- The Washington Times - Thursday, September 29, 2011

America’s majority-white population kept growing in 2010, thanks to a burgeoning number of “Hispanic whites,” the Census Bureau said Thursday.

In a separate report, the bureau said that the nation’s black population also grew, spurred by a 76 percent jump in the number of people who said they were biracial or multiracial.

The most common combination was being both black and white, said the bureau, which used 2010 census data to give snapshots of the makeup and geographic location of America’s black and white population.

These census reports offer important details about the “different shades” of America, said Brookings Institution scholar William Frey, who studies trends in U.S. demography. The rise in black-white biracial people suggests the country is “making some progress” in its race relations, he said.


Out of nearly 309 million people, 75 percent say they are white, either “alone” or “in combination” with another race, said bureau statistician Lindsay Hixson, co-author of “The White Population: 2010.”

Another 14 percent say they are black, either alone or in combination, and the rest are in categories such as Native American, Asian, Native Hawaiian or other Pacific Islander, or some other race.

America’s non-Hispanic white population — defined as people with origins from European, Middle Eastern and Northern African countries — grew only 1 percent in the past decade, from 194.5 million to 196.8 million. When taken as a whole, these whites still represent a majority of the American population, but this majority has shrunk, from 69 percent in 2000 to 64 percent in 2010.

However, when people who are “white alone” are counted with “white in combination,” the white population surges by 14 million people. This translates into 231 million people or 75 percent of the population.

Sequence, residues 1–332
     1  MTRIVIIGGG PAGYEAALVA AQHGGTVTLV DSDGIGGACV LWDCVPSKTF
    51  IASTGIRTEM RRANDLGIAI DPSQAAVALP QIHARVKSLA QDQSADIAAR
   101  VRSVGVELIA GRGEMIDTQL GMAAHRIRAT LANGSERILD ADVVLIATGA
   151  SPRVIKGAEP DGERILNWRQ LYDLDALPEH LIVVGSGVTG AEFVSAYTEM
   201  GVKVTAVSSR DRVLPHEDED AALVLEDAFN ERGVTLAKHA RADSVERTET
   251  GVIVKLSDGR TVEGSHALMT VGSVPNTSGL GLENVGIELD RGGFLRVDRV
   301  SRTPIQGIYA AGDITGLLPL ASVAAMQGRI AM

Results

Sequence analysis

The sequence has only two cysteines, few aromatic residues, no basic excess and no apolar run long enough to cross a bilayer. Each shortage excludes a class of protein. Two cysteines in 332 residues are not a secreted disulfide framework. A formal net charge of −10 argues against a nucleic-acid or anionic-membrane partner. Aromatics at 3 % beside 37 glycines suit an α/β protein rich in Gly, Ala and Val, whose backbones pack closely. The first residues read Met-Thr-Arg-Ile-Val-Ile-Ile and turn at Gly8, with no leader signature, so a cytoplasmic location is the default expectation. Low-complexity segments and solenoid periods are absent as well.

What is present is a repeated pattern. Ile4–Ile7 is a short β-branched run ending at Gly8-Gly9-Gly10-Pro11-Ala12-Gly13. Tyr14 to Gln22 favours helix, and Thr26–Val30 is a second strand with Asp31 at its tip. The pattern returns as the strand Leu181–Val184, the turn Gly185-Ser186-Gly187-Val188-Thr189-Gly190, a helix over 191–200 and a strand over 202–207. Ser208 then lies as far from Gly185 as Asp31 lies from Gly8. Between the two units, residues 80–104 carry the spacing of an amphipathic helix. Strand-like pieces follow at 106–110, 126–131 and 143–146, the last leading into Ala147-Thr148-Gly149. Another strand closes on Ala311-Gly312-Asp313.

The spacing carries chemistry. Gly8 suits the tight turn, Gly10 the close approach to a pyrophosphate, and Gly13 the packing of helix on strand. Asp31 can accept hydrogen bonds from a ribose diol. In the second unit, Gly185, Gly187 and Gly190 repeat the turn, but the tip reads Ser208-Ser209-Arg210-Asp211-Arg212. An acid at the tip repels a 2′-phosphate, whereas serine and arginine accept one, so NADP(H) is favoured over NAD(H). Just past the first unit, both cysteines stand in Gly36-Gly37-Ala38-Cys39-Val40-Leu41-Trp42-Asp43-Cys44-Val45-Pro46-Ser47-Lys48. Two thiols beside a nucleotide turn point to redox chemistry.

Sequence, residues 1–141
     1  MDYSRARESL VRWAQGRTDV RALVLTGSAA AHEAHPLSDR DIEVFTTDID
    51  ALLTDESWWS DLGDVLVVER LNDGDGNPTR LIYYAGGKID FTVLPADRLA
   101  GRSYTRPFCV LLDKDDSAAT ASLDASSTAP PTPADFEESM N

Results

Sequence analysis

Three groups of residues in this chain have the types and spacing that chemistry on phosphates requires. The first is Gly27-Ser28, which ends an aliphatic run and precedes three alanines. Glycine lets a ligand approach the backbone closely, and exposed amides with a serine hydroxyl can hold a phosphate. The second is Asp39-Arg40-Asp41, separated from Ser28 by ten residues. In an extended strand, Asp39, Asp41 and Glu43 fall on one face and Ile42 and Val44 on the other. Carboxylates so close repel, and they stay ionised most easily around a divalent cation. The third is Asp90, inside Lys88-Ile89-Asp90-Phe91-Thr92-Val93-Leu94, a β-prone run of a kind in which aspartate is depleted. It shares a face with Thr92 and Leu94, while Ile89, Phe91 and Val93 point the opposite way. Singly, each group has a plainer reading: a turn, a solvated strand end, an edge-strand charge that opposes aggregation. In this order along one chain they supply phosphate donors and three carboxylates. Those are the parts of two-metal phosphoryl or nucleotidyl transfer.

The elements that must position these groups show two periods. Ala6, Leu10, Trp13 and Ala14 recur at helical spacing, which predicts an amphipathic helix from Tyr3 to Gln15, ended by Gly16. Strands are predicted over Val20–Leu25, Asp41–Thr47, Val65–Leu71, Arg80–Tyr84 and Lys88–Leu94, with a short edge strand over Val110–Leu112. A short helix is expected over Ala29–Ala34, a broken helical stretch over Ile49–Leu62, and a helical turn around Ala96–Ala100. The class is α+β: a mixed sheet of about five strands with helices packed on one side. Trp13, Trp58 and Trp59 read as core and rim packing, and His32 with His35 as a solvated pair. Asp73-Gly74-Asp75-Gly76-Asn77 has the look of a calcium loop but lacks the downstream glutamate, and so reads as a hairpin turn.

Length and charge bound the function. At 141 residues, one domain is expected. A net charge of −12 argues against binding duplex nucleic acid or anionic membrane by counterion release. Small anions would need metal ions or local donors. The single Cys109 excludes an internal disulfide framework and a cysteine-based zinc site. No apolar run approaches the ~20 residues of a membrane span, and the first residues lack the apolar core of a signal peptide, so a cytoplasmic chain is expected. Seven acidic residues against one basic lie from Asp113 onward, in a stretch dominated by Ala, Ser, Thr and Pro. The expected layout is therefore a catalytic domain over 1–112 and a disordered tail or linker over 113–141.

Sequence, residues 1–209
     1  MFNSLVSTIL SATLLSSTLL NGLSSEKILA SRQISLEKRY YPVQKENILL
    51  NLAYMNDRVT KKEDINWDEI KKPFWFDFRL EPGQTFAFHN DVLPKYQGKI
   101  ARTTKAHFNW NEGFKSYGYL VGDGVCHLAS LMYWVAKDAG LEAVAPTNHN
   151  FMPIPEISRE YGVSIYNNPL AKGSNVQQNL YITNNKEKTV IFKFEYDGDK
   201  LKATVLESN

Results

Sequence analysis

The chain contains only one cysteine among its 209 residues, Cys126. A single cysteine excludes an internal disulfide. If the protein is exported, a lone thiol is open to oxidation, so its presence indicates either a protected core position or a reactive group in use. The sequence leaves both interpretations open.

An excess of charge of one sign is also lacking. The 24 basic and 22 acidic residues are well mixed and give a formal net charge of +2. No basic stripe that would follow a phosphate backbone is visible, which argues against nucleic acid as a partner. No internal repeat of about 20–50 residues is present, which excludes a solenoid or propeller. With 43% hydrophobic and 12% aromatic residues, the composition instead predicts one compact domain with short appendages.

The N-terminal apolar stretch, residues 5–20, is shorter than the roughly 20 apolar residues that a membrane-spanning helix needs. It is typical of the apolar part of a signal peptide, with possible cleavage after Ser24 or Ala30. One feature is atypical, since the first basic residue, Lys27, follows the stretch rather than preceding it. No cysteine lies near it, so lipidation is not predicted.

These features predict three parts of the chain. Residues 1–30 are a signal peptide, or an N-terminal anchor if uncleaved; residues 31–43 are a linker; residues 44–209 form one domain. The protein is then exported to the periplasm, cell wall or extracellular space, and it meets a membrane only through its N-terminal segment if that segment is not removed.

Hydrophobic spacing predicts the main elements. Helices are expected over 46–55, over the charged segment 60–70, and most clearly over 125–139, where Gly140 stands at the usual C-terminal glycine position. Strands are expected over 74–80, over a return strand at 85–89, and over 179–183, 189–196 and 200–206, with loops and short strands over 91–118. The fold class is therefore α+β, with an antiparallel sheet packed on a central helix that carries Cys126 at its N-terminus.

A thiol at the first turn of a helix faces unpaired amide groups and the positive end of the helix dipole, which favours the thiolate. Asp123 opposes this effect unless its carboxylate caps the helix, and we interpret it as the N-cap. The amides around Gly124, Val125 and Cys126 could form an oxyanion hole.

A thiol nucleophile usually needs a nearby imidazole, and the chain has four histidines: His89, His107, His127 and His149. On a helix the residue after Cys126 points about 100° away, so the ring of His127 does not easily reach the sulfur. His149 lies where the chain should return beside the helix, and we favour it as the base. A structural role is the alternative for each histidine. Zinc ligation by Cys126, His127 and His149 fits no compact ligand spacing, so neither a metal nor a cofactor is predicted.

This growth in the white population “was fueled by Hispanics identifying as white,” said Bradford Hepler, another co-author of the white population report. People of Hispanic or Latino origin may choose to be identified as any race, he said, and in 2010, they overwhelmingly chose “white”: That census found 26.7 million “Hispanic whites,” about 10 million more than in 2000.

Among blacks, the “black alone” plus “black in combination” population rose modestly, from 36.4 million in 2000 to 42 million in 2010. This was equal to 14 percent of the nation’s population, up from 13 percent in 2000.

The number of people identifying as both black and white more than doubled, to 1.8 million, while another 1 million said they were black in combination with other races, said Tallese Johnson and Sonya Rastogi, two of the authors of “The Black Population: 2010.”

Most of the U.S. black population lives in 10 states, including Maryland and Virginia, while the District’s black population is 52 percent. White populations grew the fastest in the West and South, as well as in the District, but declined in 15 states, including many in the Northeast and Midwest.